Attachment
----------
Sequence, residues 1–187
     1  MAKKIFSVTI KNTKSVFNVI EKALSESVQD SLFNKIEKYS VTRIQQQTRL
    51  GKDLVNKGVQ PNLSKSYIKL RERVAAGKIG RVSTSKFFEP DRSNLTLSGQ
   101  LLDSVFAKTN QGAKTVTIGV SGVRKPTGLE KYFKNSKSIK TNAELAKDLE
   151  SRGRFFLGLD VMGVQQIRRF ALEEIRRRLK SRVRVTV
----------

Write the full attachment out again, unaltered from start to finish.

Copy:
Sequence, residues 1–187
     1  MAKKIFSVTI KNTKSVFNVI EKALSESVQD SLFNKIEKYS VTRIQQQTRL
    51  GKDLVNKGVQ PNLSKSYIKL RERVAAGKIG RVSTSKFFEP DRSNLTLSGQ
   101  LLDSVFAKTN QGAKTVTIGV SGVRKPTGLE KYFKNSKSIK TNAELAKDLE
   151  SRGRFFLGLD VMGVQQIRRF ALEEIRRRLK SRVRVTV